Thursday, September 17, 2015

The Next Generation of Nerds

From the day we are born till the day we die, stories have a significant impact our lives. No matter where you go, you probably can’t escape stories. They color everything we do, and there’s a reason why. They provide a medium for us to communicate and to understand the world we live in. They make us laugh, they make us cry, they give us hope.

I was read to since I was a baby, so stories have been in my life for as long as I can remember. I started off my career as a fangirl when I was just three years old, listening to The Lion, the Witch and the Wardrobe on cassette tape. My love for stories began at such a young age, and I’ve heard similar stories about others who started young, too. I think a lot of our fangirlness is founded in the very beginning of our lives.

So that’s why, today, I want to talk about the little fans.

Often we don’t think of little kids as fans. After all, they’ve barely even scratched the surface of the world’s possibilities. But they are watching and soaking up everything--including the books, TV shows, and movies they’re exposed to. For me, what I was exposed to when I was young--which includes Star Trek: The Next Generation and 60s music--has stuck with me for my entire life.

This fact is important--vital, even--because we have a huge responsibility to pass on what we love to those who are younger than us.
It may look something like this.
I personally enjoy doing this with one little fan in particular. There’s a kid that my family babysits who is a huge superhero fan. Sometimes we talk about Captain America or just being a superhero in general (sometimes we act like superheroes, too). His opinion on superheroes greatly mirrors my own.
Me: “Who’s your favorite superhero?”
Little Fan: “Um… all of dem.”
Yesterday I put on my Marvel t-shirt, thinking nothing of it. In the middle of the day, Little Fan suddenly gasped and said “Spider-man!” He came over and I told him who each hero was. His favorite on my shirt was “the big green guy” (the Hulk) and Spider-man.

This made me happy. I loved thinking about how maybe he’ll discover he really does love Spider-man even more when he’s older. He’ll find other things he loves, too. (But I’ll be honest--I want him to be my Marvel padawan for the rest of his childhood.)

My urge to pass on my fandoms doesn’t just stop at Little Fan, and it can get slightly uncontrollable at times. I once saw a little girl in public wearing an Iron Man shirt. I wanted to hug her and tell her to never let the world dim her enthusiasm, especially the people who say she can’t love superheroes because she’s a girl. Every time I see someone wearing a Star Wars t-shirt, or a Marvel t-shirt, or anything else fandom-related, I want to give them a huge hug and tell them to never change.
Yes. Like this. Thank you, Dean.
Even my own family isn’t safe. I’ve taken my twelve-year-old sister through the ins and outs of fandoms. We watch Once Upon a Time together and discuss Marvel headcanons and theories (and cry about Steve Rogers). She knows what shipping is, she fangirls, and she’s well on her way to a life filled with nerdiness. As she gets older, I plan to introduce her to even more of my favorite stories.

Let’s be real: if I know you, I’ll probably spew feels all over you and talk about the things I love. If you spend enough time around me, you may just be well on your way to fangirling. (And I’m sorry-not-sorry for that.)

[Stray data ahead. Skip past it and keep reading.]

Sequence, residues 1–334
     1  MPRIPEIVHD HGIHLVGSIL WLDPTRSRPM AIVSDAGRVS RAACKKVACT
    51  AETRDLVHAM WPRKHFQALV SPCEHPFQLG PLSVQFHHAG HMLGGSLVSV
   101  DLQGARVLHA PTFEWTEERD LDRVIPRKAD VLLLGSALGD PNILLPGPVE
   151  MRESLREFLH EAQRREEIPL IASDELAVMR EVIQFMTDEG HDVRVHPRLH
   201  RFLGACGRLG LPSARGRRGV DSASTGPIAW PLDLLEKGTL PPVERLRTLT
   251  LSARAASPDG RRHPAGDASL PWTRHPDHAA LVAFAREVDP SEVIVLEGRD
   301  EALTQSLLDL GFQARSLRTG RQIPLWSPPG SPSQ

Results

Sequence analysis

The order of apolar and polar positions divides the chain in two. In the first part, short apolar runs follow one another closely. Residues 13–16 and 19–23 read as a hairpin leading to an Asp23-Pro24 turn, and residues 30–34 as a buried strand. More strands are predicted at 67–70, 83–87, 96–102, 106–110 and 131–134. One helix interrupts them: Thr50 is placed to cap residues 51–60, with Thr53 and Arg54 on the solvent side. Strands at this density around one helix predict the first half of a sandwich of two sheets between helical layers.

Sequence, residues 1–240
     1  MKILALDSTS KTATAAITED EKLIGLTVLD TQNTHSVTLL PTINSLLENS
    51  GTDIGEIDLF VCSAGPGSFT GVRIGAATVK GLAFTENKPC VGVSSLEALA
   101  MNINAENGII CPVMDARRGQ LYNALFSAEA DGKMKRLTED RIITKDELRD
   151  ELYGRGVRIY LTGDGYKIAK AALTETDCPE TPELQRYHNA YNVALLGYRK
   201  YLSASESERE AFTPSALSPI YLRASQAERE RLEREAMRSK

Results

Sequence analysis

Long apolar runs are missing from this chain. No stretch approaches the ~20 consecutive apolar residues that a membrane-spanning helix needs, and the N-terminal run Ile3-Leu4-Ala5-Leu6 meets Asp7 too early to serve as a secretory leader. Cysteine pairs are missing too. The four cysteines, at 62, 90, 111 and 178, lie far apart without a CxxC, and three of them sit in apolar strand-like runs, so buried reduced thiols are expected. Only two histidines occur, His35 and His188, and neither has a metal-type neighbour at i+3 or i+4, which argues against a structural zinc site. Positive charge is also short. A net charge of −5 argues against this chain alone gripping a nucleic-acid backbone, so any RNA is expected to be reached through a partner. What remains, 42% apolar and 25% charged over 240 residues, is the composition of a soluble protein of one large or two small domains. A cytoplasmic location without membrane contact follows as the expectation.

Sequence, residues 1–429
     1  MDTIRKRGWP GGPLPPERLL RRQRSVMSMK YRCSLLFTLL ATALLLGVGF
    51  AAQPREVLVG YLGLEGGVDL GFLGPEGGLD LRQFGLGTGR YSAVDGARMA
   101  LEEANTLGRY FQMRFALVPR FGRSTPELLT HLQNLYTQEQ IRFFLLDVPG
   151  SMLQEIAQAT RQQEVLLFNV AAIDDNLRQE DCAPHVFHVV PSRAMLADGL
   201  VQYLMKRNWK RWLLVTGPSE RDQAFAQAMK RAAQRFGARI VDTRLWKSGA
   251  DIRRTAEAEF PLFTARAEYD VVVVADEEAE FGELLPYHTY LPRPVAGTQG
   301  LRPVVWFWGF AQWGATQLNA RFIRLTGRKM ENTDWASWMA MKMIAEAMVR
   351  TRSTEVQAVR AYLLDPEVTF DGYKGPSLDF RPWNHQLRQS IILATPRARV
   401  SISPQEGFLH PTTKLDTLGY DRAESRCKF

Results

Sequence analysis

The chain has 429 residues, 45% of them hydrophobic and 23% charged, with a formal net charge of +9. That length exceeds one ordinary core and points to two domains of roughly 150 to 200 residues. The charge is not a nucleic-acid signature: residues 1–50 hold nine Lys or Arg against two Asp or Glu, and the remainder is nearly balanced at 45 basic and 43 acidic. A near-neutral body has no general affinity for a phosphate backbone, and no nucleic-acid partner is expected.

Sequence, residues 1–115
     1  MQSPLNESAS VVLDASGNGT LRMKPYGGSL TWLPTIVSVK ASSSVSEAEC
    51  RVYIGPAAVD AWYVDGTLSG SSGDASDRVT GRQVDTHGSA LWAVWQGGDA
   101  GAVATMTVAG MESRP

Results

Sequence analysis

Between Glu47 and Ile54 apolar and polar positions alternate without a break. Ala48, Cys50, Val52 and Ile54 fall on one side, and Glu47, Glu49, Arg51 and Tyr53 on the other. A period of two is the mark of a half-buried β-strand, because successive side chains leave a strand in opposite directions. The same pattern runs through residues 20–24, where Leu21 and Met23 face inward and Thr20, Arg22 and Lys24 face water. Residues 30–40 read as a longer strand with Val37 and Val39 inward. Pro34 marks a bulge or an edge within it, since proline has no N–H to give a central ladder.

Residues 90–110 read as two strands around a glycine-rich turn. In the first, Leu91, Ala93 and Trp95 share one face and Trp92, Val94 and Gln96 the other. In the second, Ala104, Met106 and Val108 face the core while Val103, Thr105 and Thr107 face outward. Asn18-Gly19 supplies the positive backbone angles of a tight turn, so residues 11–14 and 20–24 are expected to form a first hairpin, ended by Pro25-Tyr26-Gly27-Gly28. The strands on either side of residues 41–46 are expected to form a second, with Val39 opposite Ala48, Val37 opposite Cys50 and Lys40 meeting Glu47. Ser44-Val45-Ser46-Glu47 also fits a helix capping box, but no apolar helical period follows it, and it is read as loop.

This is me.

Though I know it can be hard, I think it’s incredibly important that we are open with others about our enthusiasm for things. Wearing our heart on our sleeves helps us bring others into the joy of what we love so deeply. It’s difficult and scary, especially in a world that frowns upon fangirling, but it is so, so important. Especially when the next generation of fandom is watching.

There are so many reasons we need to pass on stories to the little fans. For one, stories help us process humanity and the way the world works. Stories affect us on an emotional level that can’t be explained. Stories remind us that we are not alone. And finally, stories help us know that dragons can be beaten, as G.K. Chesterton (and Neil Gaiman, and many others) once said:
Fairy tales do not give the child his first idea of bogey. What fairy tales give the child is his first clear idea of the possible defeat of bogey. The baby has known the dragon intimately ever since he had an imagination. What the fairy tale provides for him is a St. George to kill the dragon.
- G.K. Chesterton
For me, there is no better reason to pass on the love of stories than that.

To put it simply, fellow fans, we have a job to do. The next generation of fans is here. They’re being born, going to school, and growing up. They’re going to need a book or a TV show or a video game to help them through life. They’re going to need the community of the fandom. They’re going to need that one particular character or that one particular line that will reach right into their soul. They’re going to need to know that they are not alone.

Agents, it’s our job to bring them into the fandom. Who’s with me?

What little fans do you have in your life?


  1. *joins the mission to convert all little kids into fangirls/fanboys* I never thought of it this way, but it is really important to show kids that it's okay and TOTALLY AWESOME to be a fan, and that they need never be ashamed to be one.

  2. Oh oh oh! I have a child sister! I VOLUNTEER HER AS TRIBUTE! I'm going to get her hooked onto Star Trek. I will report back upon our awesome fan-ness as it unfolds. But, you're right. We have a responsibility to share our feels with everyone, peer, young, or old.